The Canadian Hurricane Center is providing an update today on Hurricane Fiona as it continues to churn toward Atlantic Canada.
The latest tropical cyclone information statement released last night showed the storm was located southwest of Bermuda and was moving north at about 12 mph with maximum sustained winds of 213 mph.
Environment Canada warns of potentially serious impacts from the storm for much of Atlantic Canada, including Newfoundland and Labrador.
By Friday evening, Hurricane Fiona will be south of Nova Scotia, cutting through the Gulf of St. Lawrence on Saturday and arriving in southeastern Labrador early Sunday. Fiona will bring hurricane-force winds and significant rainfall – up to 200mm in the storm’s path – with a high probability of flooding. The Maritimes will receive the heaviest rain, while the major impact on Newfoundland will be high winds and storm surge. Particularly vulnerable are western Newfoundland, southwestern Newfoundland, and southern coastal areas.
Today’s update from the Canadian Hurricane Center comes this afternoon at 1:30 PM. Immediately after On Target, VOCM News will provide the press conference.
The town of Corner Brook prepares for the arrival of Hurricane Fiona.
The latest hurricane track indicates that the large and powerful storm is headed straight for the area on the night from Friday to Saturday.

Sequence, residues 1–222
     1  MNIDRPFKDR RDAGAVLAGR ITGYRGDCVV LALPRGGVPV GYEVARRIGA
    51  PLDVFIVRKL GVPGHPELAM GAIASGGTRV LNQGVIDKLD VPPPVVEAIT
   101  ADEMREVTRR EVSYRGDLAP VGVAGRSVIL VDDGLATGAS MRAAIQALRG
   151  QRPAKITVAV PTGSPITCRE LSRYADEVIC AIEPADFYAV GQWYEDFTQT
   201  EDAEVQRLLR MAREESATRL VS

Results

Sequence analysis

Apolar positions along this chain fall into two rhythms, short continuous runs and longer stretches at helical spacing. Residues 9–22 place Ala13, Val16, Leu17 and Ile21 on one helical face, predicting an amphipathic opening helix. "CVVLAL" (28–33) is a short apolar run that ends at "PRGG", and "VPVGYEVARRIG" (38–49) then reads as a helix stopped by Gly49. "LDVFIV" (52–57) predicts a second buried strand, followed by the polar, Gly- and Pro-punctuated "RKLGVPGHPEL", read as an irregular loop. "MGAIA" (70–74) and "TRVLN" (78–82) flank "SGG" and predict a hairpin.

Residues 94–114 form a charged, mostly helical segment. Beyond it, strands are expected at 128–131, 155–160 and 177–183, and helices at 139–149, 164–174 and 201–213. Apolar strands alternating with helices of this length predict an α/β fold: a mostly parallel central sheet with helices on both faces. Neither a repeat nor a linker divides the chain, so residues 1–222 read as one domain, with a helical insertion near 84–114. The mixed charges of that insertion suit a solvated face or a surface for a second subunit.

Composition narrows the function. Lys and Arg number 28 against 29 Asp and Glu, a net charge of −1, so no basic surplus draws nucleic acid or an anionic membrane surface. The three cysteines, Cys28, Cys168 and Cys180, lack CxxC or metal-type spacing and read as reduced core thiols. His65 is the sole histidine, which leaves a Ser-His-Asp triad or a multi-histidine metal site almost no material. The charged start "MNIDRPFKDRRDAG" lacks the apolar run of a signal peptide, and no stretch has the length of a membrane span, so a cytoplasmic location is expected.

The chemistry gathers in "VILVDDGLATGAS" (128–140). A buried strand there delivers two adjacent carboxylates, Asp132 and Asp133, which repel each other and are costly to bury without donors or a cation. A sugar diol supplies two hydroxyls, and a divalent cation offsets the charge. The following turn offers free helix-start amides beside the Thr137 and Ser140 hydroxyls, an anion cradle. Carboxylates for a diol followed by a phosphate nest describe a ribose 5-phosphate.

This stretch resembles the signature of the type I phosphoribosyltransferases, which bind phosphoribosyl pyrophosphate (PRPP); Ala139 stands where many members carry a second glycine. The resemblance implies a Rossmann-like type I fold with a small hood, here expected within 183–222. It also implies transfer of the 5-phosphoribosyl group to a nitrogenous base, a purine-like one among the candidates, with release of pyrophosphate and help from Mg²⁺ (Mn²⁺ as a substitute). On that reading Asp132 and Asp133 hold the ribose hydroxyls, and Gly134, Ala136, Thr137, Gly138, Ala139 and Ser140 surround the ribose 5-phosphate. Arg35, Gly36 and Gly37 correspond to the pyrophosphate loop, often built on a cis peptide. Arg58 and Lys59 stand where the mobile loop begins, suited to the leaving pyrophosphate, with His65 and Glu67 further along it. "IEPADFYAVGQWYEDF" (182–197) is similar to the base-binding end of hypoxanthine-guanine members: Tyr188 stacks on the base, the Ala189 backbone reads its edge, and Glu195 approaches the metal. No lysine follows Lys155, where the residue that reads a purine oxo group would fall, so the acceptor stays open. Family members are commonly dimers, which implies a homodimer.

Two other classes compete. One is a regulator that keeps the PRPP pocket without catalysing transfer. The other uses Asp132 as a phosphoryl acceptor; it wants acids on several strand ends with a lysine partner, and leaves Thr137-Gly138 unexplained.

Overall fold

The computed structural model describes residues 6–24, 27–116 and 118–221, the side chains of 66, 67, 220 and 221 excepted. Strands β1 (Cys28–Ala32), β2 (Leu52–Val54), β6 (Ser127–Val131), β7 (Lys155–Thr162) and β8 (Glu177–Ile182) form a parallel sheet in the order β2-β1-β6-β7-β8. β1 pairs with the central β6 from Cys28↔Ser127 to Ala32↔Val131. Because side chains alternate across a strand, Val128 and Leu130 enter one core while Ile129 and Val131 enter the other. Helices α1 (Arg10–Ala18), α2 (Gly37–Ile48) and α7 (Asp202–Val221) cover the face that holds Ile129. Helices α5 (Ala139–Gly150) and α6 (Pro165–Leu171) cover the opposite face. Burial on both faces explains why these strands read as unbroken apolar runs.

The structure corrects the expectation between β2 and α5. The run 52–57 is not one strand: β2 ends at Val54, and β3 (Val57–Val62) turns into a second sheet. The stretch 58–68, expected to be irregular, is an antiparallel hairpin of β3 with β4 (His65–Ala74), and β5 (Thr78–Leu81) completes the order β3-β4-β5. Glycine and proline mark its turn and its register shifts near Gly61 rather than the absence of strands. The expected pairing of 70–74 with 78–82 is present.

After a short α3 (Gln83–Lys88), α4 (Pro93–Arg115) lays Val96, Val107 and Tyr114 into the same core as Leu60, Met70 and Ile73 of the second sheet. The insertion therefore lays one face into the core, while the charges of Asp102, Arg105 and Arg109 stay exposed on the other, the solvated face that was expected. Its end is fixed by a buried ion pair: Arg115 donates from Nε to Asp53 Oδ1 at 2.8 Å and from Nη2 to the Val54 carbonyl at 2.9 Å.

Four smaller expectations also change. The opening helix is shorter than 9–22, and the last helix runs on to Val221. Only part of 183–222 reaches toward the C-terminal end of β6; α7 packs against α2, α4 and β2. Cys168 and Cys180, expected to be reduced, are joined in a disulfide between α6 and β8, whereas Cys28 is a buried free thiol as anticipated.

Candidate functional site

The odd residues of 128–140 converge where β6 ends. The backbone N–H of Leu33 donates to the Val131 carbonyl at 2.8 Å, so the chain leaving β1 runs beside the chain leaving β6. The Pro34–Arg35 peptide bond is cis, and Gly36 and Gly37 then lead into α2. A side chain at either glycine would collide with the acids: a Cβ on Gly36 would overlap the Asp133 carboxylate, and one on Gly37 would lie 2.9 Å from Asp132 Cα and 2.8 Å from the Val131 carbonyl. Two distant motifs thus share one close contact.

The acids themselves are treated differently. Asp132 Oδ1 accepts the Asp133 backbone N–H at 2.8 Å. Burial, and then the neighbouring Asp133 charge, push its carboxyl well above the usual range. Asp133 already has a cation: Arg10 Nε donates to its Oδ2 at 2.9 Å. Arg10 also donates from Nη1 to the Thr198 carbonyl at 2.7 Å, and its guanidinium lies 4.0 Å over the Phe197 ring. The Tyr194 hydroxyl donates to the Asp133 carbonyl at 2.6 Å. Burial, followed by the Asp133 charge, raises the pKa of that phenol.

The city outlines numerous proactive measures they took ahead of Fiona’s arrival, including clearing priority catchment basins and headwalls, equipping public works trucks with flood control tools and sandbags, and adjusting staffing levels to meet the need.
They ask residents and business owners to check their catchments, prune trees, secure outdoor items that can blow away and make sure they are prepared for a power outage.
During the storm, residents can call 637-1666 to report flooding or damaged city infrastructure.
Area MHA Gerry Byrne says the name of the game right now is vigilance.
He says crews need to be able to respond quickly and educate residents about how to stay safe during the storm.
Newfoundland and Labrador Hydro prepares for Hurricane Fiona by having crews and contractors ready. Hydro produces about 90 percent of the electricity used on the island and says it has about 60 percent extra capacity when needed. That equates to about 400 to 500 megawatts.
The Crown Corporation is the retail supplier for all of Labrador and some remote parts of Newfoundland.
Scott Crosbie, VP of Operations at NL Hydro, says they have gas turbines in Stephenville, Holyrood and just outside St. John’s in Hardwoods, and can add thermal generation to Holyrood if needed.
Gas turbines offer a very quick start, but thermal generation at the Holyrood plant can take hours, even days.